Gloucestershire County Cricket Club have applied for permission to increase the limit on the number of times they’re allowed to use their floodlights from fifteen to seventeen for the 2019 season only. This is to allow two practice sessions to be played under the lights for visiting Cricket World Cup teams.

I, like many people locally, am concerned about the precedent that this could set, and would like to ensure that this isn’t the thin end of the wedge to either permanently increase the number of permitted uses or to allow permanent permission for use of the floodlights for practice sessions (or both).

You can read my full comment below, and you can view the application by visiting and searching 19/01021/X

Cricket Ground Floodlights
Cricket Ground Floodlights

My full comment on the application

The existing permission for the floodlights was granted on the grounds that the adverse impact on residential amenity due to the use (and presence) of the lights is outweighed by the wider positive socio-economic impact of having international cricket in Bristol (with the lights being a prerequisite for that).

By extension, any further uses of the floodlights beyond the currently permitted fifteen uses per year will have a further negative impact on residential amenity. Thus, the question arises whether the impact of the two additional uses is outweighed by other matters.

It should firstly be noted that the additional two uses will be for training sessions only, so there will not be fans present, music played, etc. Therefore, the adverse impact of the additional uses is limited to light pollution and so reduces the overall negative impact on residential amenity.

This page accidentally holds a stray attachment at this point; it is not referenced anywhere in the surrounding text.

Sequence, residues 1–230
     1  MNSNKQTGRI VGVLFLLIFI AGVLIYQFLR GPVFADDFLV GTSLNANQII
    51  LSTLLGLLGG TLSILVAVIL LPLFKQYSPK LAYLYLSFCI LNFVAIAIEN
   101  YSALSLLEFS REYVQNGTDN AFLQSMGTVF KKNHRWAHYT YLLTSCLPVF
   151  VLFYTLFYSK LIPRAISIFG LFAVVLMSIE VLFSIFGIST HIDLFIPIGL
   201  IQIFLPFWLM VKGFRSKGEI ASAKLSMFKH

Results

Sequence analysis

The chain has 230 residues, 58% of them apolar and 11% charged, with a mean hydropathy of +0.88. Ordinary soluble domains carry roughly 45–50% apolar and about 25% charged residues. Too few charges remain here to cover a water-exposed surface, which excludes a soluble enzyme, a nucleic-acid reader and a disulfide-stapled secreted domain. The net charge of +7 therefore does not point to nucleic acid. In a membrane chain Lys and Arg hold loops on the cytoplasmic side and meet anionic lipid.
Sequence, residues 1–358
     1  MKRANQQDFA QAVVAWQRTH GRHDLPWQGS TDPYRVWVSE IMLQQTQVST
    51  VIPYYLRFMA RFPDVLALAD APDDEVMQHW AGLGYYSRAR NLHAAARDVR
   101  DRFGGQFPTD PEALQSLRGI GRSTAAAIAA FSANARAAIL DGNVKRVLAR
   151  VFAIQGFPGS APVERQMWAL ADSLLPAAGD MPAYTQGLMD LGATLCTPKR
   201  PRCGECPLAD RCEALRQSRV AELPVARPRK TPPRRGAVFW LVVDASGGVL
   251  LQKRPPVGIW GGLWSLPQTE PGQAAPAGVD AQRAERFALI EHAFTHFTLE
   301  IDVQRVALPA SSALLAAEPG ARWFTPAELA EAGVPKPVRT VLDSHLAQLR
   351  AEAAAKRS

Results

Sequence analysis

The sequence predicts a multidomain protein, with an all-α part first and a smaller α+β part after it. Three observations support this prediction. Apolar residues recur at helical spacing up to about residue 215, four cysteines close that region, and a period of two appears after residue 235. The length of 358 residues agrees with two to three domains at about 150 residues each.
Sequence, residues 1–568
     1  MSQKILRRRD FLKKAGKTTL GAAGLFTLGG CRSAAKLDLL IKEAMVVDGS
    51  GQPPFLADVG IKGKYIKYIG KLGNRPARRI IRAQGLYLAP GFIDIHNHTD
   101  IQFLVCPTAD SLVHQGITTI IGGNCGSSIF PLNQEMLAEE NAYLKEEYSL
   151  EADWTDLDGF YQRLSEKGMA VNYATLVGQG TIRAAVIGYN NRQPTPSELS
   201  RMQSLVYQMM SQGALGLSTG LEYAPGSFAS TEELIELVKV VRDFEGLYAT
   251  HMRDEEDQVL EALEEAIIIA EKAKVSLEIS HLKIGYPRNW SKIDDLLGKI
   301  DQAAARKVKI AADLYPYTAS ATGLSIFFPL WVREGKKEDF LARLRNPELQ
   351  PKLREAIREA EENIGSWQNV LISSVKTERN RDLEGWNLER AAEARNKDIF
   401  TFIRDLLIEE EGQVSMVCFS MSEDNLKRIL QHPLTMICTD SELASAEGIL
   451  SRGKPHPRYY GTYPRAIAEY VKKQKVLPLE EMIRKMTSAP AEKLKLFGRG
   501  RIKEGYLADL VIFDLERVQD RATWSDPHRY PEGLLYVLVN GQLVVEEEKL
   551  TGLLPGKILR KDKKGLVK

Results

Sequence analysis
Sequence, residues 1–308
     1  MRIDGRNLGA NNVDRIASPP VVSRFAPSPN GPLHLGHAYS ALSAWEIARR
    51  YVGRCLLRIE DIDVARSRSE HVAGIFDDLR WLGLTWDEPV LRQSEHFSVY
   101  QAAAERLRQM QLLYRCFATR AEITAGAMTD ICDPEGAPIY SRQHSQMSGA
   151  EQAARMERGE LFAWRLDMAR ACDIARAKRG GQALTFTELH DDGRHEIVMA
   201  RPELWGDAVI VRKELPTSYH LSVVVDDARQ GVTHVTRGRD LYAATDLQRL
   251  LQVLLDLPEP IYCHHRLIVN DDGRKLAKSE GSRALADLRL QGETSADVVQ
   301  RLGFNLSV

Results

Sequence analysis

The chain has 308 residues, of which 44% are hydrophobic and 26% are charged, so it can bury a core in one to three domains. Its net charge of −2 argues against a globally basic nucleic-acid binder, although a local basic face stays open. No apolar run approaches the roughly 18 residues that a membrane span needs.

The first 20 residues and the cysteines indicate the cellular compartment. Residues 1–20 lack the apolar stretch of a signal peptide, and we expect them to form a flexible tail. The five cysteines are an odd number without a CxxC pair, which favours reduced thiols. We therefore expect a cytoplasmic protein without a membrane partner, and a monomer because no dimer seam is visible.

However, within the extant permission fifteen uses per year was set as a definitive upper limit and use for practice matches was not permitted.

That said, hosting the World Cup is an immense honour for our city and for the local area, not to mention the positive economic impact, and in the range of exceptional circumstances this is arguably the most exceptional circumstance possible.

My key concern, if permission is granted, is that it is clear that this is an exceptional circumstance, not to be repeated. That means that any permission should be a one-off and should not set a precedent for future years, both in terms of the number of uses and in waiving the requirement to only use the lights for competitive matches.

This is a key concern within the local community, and from reading the public comments it is clear that many of those who have objected to this application do not object to the one-off additional uses in principle, but object out of fear of the precedent it could set. Therefore, if a precedent can be explicitly precluded then it would help to assure residents and would hopefully improve the community’s trust in the club’s intentions. If this is not possible, then the application should be refused to prevent setting a dangerous precedent that could be exploited to the future detriment of residential amenity.

Similarly, it has been noted by some public commenters that the quality of the application is low and is open to (mis)interpretation. I refer officers particularly to the technical issues raised by Earlsfield Town Planning Ltd (not to say I necessarily agree or disagree with their conclusions). These should be resolved, and if it is not possible to do so then the application should be refused, again to prevent setting of a precedent/loopholes.

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